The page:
I would be perfectly fine with it. I plan to raise my kids Jewish which is my fiance’s faith. If they don’t want to marry a Jew, I’ll be ok with it. My fiancé might have a hard time with it, even though he’s going to marry outside his faith.

16) In your opinion, if someone is not of your faith, will they go to hell?
I don’t believe in Hell per say (see previous answers on Heaven and Hell). I think people of all faiths can suffer or flourish, and it’s a state of mind. It’s up to what they do, not what religious ideology they feel they follow.

17) Who do you think is not a practicing ----- in your religion and why? ie who in the public domain claims to speak for your religion? Do you agree with them or not?
I’m not sure I follow. UU have historically claimed many figures, like we say Thomas Jefferson and Susan B. Anthony and John Adams were UU’s, but they were actually Christian Unitarians. And some people who were plainly against organized religion have been cited as having UU-like sentiments, but we don’t have the right to state that. Today, there are not many famous UU people.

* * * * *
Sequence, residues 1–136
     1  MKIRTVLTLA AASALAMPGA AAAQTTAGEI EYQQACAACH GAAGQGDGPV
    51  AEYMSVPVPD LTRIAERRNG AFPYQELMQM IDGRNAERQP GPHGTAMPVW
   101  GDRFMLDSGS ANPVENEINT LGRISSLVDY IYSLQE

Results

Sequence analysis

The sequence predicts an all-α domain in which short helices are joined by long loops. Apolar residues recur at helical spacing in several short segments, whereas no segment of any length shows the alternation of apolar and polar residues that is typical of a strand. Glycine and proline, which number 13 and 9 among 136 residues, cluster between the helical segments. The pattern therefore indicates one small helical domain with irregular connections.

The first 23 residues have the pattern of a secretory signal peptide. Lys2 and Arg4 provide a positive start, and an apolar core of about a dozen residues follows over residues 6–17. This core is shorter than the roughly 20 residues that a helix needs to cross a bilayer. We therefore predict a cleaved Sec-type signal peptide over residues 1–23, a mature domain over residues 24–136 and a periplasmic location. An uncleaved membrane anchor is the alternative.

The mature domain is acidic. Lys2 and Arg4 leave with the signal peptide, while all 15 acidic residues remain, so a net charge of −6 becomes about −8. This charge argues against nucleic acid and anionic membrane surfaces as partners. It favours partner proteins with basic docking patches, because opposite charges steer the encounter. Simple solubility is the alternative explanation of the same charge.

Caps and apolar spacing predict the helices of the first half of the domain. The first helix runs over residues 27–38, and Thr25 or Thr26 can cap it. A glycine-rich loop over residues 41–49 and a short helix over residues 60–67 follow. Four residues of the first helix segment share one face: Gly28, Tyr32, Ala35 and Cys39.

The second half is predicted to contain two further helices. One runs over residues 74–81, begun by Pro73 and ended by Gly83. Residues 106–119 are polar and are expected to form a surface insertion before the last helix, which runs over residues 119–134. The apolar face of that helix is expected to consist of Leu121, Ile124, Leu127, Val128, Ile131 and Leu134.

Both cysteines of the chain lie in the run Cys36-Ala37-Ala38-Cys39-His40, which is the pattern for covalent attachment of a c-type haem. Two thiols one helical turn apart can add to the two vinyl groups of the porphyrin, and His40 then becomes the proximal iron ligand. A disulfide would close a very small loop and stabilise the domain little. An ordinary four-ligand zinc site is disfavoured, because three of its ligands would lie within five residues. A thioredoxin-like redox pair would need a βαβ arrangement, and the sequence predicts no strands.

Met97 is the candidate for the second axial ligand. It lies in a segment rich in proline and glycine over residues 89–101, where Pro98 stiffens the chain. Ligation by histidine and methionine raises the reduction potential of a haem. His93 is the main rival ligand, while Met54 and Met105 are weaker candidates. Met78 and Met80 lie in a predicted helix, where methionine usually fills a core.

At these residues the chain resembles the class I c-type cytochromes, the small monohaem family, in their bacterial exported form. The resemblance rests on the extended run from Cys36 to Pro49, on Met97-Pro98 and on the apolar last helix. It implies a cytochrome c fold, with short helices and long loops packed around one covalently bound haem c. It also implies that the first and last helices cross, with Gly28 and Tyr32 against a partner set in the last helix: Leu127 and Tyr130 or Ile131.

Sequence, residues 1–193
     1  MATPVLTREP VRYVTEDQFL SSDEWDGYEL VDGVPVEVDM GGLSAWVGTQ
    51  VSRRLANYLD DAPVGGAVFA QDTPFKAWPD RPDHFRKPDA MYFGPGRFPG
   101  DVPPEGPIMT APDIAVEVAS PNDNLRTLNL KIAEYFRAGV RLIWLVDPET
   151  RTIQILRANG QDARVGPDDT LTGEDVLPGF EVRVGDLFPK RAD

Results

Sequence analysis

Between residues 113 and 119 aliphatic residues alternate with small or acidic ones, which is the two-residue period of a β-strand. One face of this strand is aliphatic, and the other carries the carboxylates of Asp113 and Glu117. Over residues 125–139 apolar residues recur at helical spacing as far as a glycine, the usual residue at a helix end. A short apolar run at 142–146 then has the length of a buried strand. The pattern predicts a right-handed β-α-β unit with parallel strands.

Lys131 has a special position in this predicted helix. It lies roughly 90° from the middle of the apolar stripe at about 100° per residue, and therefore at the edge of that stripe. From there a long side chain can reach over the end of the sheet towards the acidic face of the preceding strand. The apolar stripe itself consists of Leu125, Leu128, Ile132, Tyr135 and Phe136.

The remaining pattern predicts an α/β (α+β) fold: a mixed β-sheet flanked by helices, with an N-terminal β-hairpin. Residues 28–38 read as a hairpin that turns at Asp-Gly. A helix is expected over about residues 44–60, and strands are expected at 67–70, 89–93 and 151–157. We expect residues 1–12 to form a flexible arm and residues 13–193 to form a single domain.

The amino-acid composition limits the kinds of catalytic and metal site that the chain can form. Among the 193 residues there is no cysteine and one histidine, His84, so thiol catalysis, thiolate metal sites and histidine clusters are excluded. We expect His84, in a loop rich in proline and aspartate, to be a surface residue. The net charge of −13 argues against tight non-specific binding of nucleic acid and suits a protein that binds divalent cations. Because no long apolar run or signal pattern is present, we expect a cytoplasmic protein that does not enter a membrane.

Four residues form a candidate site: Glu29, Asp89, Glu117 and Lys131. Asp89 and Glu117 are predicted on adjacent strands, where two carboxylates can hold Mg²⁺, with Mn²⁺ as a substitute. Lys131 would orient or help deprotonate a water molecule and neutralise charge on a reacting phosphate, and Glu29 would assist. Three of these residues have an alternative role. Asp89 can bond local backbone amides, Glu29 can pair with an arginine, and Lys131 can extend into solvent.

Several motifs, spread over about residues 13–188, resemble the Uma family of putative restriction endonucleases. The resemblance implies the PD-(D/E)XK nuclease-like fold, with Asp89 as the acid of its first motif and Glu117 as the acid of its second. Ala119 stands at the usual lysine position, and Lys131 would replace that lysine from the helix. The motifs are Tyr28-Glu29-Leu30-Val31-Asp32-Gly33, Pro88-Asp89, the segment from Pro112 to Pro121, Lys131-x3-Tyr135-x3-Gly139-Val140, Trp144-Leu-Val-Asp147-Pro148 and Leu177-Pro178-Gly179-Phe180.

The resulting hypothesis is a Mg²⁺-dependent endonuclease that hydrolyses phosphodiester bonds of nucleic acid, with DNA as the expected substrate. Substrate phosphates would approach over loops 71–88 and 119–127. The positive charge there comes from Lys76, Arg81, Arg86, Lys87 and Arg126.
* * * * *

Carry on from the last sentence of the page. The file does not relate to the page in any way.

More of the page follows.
18) Have you ever been the target of a hate crime? Please explain.
My work colleague told another work colleague that she was sick of all “this Jewish stuff” in my work group. My boss is Jewish, I have one Jewish colleague, and I’m engaged to a Jew. My boss and colleague are extremely secular, don’t keep kosher and only observe the holidays in a secular way. Jewish stuff has only come up around the Jewish holidays and it’s always spoken of in a secular, inclusive way. Yet, this anti-Semitic colleague in my work group said she’d like to become a Nazi to stop it. I wrote her an email explaining I could report her to the Human Rights and Equity board, she panicked, said she realized it was wrong. Later told me she still thinks she was in the right for saying those things because she’s a person of color.

19) Do you ever feel like your religion devalues you?
No. It’s hard explaining to secular people and people wary of Christanity that I go to church but I’m not Christian and it’s not evangelical and my church friends are not Jesus freaks. So sometimes I restrain from mentioning my beliefs.

20) Does your religion give you peace of mind?
Depends on how good the minister is.

21) Do you believe in reincarnation? Why or why not?
Nope. Please see above for the comments on the afterlife.